Hey friends! It's that time again. This is the monthly series where I sit down with you and share the behind the scenes deets about what it's like to run a food blog. You get to see it all here. The good, the bad, and (sometimes) the ugly.
I'll start by sharing what TEMs income and expenses are. Even though it is next to free to start a blog, once it starts growing, so do the expenses. Luckily the income does, too. I find when I tell people how much I spend each month to keep the blog afloat, they're often surprised. I would have been too before I started blogging!
After that, I've got some tips for fellow bloggers. October through the end of December is the busiest time of year for food bloggers. Everyone is searching for holiday recipes. There are Canadian Thanksgiving and Halloween in October, American Thanksgiving in November, and Christmas in December. It's a crazy time of year. It's also the time of year when some of our seasonal posts see a spike in traffic. I've got a few tips on updating old posts to make the most of the holiday traffic.
Let's start with the numbers …
Total Income: $7,947.32
- SiteGround – $90 – My much loved hosting company
- MadMini– $59 – What I use to send my email newsletters
- Tailwind – $10 – Pinterest scheduler – LOVE them!
- Vaultpress – $5 – Backs up all TEMs files.
- Teachable – $29 – Hosts my course Oh My Blog
- Adobe Premiere Pro – $19.99 – What I use for video editing.
- CrashPlan – $5.99
- CloudFlare – $20
- OptinMonster – $16.58 – what I use for my newsletter signup forms
- Video production – $275
- Support staff – $932.72
Total Expenses: $1,463.25
TOTAL PROFIT: $6,484.07
Note: The income reported here is in USD. Although I am Canadian the majority of the income I earn through TEM, and my expenses, are in American dollars.
RPM is a handy formula to calculate how much money your blog is earning. The acronym stands for Revenue Per Mille, or revenue per thousand pageviews.
Total Profit ÷ Total Pageviews x 1000 = RPM
Using this formula we can calculate The Endless Meal’s RPMs:
$6,484.07 ÷ 365,975 x 1000 = $17.71
Top 10 pages
If you've been following these income reports for any length of time, one thing you may have noticed is that the top 10 pages rarely change. Sometimes they shuffle positions, and occasionally a rouge page will sneak in there if it's been linked to by a high-traffic site, but more or less they hold steady.
The exception to the ever consistent top 10s comes around the holidays. This time of year, seasonal content will often perform better than my evergreen posts. (See the arrow pointing to the homemade turkey soup.)
In September, that Homemade Turkey Soup post came in at the 63rd most popular post. Not exactly something to brag about.
The major jump in popularity came because of Canadian Thanksgiving, which we celebrate on the second Sunday in October. I can be fairly certain that around American Thanksgiving and again around Christmas, that post will get another boost.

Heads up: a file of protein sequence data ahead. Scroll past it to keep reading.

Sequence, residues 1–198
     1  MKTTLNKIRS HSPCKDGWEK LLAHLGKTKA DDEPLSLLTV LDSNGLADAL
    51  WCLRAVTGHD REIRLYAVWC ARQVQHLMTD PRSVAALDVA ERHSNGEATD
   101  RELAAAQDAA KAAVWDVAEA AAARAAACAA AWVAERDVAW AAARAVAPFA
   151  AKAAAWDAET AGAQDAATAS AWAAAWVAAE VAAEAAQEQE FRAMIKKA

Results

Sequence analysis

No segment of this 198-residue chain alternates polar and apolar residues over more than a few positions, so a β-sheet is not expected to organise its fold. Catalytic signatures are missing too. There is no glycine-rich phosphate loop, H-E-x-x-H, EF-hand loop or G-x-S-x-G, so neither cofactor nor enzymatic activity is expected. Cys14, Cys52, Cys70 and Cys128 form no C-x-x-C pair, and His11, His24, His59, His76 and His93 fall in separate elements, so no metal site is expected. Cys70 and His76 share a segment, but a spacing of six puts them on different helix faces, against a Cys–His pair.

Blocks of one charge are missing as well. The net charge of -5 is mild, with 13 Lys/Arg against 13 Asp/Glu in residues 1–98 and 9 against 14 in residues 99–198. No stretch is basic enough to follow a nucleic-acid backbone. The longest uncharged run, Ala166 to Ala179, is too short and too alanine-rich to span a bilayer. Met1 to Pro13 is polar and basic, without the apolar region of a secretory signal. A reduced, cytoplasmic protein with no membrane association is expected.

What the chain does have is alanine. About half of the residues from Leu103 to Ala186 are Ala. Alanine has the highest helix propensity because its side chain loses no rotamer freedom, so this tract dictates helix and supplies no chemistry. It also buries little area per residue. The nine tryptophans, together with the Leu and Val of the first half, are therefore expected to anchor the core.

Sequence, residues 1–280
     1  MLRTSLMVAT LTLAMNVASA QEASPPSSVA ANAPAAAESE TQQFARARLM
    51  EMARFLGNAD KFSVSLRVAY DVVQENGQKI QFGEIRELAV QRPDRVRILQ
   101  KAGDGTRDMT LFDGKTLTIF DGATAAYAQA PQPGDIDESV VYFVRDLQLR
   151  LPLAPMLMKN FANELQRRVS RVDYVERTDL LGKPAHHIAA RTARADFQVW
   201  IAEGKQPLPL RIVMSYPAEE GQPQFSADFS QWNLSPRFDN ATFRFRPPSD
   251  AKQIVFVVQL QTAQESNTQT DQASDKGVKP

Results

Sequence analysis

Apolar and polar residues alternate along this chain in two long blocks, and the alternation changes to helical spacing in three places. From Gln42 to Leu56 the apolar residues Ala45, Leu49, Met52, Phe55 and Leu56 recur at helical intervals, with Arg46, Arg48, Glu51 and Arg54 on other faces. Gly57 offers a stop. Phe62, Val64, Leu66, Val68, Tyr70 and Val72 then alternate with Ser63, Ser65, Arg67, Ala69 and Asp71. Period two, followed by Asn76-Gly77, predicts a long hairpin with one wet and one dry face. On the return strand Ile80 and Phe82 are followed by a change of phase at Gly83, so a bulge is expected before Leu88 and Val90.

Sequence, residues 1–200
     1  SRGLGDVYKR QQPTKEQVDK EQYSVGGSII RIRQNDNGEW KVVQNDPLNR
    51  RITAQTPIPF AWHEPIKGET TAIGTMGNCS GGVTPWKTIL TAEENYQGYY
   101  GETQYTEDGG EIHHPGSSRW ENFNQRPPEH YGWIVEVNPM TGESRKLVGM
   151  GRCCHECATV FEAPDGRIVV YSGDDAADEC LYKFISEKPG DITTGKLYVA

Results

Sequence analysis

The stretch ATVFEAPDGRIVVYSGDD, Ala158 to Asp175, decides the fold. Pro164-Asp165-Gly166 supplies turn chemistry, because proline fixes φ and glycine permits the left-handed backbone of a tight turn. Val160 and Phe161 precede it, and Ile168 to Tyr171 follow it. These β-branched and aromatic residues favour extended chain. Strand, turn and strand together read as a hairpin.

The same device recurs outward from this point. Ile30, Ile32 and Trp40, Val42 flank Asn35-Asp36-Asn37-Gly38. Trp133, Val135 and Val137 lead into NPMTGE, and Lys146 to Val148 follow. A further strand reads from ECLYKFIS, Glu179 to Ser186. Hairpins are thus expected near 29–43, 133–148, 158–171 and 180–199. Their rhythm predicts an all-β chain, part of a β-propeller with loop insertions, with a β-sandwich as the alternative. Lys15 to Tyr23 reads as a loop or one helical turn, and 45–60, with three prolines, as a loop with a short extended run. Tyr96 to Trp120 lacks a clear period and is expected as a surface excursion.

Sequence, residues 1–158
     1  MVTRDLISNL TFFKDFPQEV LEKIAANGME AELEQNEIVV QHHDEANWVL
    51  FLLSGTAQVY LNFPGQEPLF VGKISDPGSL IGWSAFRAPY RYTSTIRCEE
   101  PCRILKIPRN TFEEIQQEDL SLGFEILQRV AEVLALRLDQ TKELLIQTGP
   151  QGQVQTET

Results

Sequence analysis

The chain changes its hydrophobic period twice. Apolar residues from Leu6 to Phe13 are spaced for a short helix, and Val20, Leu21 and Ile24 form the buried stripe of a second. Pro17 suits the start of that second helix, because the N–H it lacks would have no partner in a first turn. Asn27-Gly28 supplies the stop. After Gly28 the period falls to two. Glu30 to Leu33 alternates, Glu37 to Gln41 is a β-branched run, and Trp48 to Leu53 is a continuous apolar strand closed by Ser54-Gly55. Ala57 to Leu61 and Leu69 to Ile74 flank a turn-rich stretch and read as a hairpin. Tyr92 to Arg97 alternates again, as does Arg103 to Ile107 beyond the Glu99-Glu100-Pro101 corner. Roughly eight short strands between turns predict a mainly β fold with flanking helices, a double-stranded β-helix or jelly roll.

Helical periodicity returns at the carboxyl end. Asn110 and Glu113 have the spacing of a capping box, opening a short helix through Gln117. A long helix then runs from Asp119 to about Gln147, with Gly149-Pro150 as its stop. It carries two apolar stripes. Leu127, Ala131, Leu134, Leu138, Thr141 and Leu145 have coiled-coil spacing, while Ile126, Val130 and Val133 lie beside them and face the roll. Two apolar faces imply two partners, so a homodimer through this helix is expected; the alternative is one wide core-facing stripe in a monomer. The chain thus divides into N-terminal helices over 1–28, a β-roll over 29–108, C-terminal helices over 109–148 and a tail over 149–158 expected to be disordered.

Why it's important to know your seasonal content
Knowing which of your posts experience seasonal boosts in traffic lets you optimize those pages before the rush happens. Here are the things that I updated on the Homemade Turkey Soup post:
1. I added a link to the image on Pinterest.
2. Corrected a couple of typos.
3. Added nutritional info to the recipe. (I use Nutrifox for the nutritional data)
4. Added two additional internal links.
5. Included the recipe in two new seasonal categories.
Five steps you can take to get the most out of your seasonal content
1. Review the post with an eye for SEO. I've written more about how to update your SEO here. You want your post to jump to the top of Google searches.
2. Consider updating the photos. In an income report last year, I showed how many of my updated posts saw a huge spike in traffic. The homemade turkey soup recipe was one of them. You can see more here.
3. Make sure that the recipe is easy to follow, especially if it is an older post. If you're like me, your recipe writing skills have improved with time. Some of my oldest recipes are even hard for me to follow. Read your recipes as if you are making them for the first time and update anything that is not crystal clear.
4. Repin the images to Pinterest, making sure to add hashtags. (In case you haven't heard, Pinterest now allows searchable hashtags and gives preferences to the latest pins. Use 'em!)
5. Start promoting your seasonal content on social media.
Latest posts by Kristen Stevens (see all)
- Maple Roasted Butternut Squash with Cranberries and Pecans - December 11, 2018
- Epic Holiday Cheese Board - December 8, 2018
- Brandy Mulled Wine Recipe - December 6, 2018